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Richard Arkwright: Father of the factory system

Published: 29 July 2019

Discover how Richard Arkwright kick-started a transformation in the textiles industry and created a vision of the machine-powered, factory-based future of manufacturing.

Since the early 18th century, manufacturers had been looking for inventive ways to meet the ever-growing demand for cotton cloth and yarn. Finally, in 1767, a breakthrough came when a Lancashire entrepreneur, Richard Arkwright (1732–92), devised a simple but remarkable spinning machine. Replacing the work of human hands, the water frame made it possible to spin cotton yarn more quickly and in greater quantities than ever before.

Craze for cotton

Cotton cloth has been made around the world for thousands of years. Merchants first brought it to Britain from India around 500 years ago. It was lighter, brighter and could be washed and dried more easily than the heavy, woollen fabrics that people in Britain were used to. It was also a valuable trading commodity, with merchants exchanging cloth for goods across the world.

Cotton cloth made in India and sold in Britain, about 1700 Science Museum Group Collection Image source
Cotton cloth made in India and sold in Britain, about 1700

The craze for cotton drove entrepreneurial makers in Britain to search for ways to meet the rising demand. Some began experimenting with the development of spinning machines, which they hoped would speed up the production of cotton yarn by taking over the slow work done by human hands using spinning wheels. 

What is spinning?

When cotton is picked from the plant it grows on, the weak fibres break and pull apart easily. To make cotton strong enough to be woven into cloth, it first needs to be spun. Spinning is the process of twisting together drawn-out fibres of cotton into a strong, single strand, called yarn.

A small pile of raw cotton on a white background Science Museum Group Collection
Spun cotton Science Museum Group Collection
Raw cotton (top) and spun yarn (above)
Illustration of a woman operating a spinning wheel Science Museum Group Collection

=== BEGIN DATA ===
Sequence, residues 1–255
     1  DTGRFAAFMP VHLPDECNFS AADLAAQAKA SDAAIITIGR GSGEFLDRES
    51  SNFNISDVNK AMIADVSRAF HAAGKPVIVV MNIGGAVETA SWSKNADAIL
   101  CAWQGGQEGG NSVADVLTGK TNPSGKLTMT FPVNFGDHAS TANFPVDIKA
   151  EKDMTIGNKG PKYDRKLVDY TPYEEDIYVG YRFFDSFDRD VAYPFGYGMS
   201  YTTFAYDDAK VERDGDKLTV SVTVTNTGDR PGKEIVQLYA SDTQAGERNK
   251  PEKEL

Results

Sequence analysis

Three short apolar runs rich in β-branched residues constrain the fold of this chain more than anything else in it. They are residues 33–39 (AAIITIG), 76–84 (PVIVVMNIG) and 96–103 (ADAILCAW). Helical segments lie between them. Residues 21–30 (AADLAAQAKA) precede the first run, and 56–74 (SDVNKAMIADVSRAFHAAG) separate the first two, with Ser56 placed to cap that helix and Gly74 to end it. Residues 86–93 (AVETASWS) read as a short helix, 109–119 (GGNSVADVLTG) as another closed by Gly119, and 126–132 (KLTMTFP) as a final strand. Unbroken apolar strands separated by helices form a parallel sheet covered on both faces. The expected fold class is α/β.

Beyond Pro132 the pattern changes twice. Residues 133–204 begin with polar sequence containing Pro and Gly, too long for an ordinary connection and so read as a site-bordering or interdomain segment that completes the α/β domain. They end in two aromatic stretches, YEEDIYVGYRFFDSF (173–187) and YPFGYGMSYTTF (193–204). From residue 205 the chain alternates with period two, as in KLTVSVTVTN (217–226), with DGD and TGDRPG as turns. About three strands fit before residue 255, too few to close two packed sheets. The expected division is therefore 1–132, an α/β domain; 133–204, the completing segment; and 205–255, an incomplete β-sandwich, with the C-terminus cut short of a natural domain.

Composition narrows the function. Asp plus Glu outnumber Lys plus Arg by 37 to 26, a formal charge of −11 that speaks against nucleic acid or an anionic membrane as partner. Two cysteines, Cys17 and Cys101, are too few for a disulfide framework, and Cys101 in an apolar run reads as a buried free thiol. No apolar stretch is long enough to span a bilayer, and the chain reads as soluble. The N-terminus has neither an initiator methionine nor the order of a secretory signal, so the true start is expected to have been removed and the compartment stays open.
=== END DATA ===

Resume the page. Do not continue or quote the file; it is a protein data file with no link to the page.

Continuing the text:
A woman using a spinning wheel to make yarn. Hand spinners could create high quality thread, but it was a slow process that could not meet the rising demand for yarn to make cloth.

Despite ambitious attempts, including the roller spinning machine devised by Lewis Paul and John Wyatt in 1738, none succeeded in developing a reliable and efficient machine able to spin yarn of the desired quality.

At the same time, Richard Arkwright, a determined Lancashire businessperson who realised the profit-making potential of cotton spinning, had been keeping a close eye on their efforts and their mistakes.

Arkwright's breakthrough

Arkwright was born in 1732 in Preston to a poor family, and had already developed a successful hair-cutting and wig-making business in Bolton by the time he became interested in cotton spinning.

Portrait of Richard Arkwright, wearing a red coat and powdered wig Science Museum Group Collection Image source
Portrait of Richard Arkwright by Joseph Wright of Derby, 1790

In 1767, he met John Kay, a skilled clockmaker with the technical ability needed to build machines. With Kay, Arkwright developed his first prototype spinning machine. Initially designed to be driven by horsepower, the machine's moving rollers drew out the cotton fibres, imitating the action of a hand spinner's fingers. Then, its rotating spindles twisted the cotton into yarn and wound it onto a bobbin.

Arkwright's prototype spinning machine Science Museum Group Collection Image source
Water frame patent drawing Science Museum Group Collection
Arkwright's prototype spinning machine (top) and the drawing (above) he submitted with his patent application in 1768

Although other makers had also been working on spinning machines using a similar principle, Arkwright made crucial developments that set his machine apart, succeeding where others had failed.  After months of experimentation and adjustment, he discovered the correct spacing for the rollers that drew out the cotton fibre, and hung weights from the top set of rollers so they could grip the bottom rollers firmly. 

Nevertheless, challenges to the originality of Arkwright's designs plagued him throughout his life (see 'Arkwright on trial' below).

Creating a factory system

Granted a patent in 1769 for his machine, Arkwright and his business partners were determined to make money from the invention. They built a huge, multi-storey factory in Cromford, Derbyshire, alongside the fast-flowing River Derwent.

A handwritten business agreement with red wax seals Science Museum Group Collection
Section of the business agreement signed between Richard Arkwright and his partners John Smalley and David Thornley in 1768

Arkwright had realised that waterpower, rather than horsepower, was the most efficient way to run his machines. Huge waterwheels installed at the mill, driven by the river, provided the rotary motion to drive the machinery. Thereafter, Arkwright's spinning machines became known as water frames.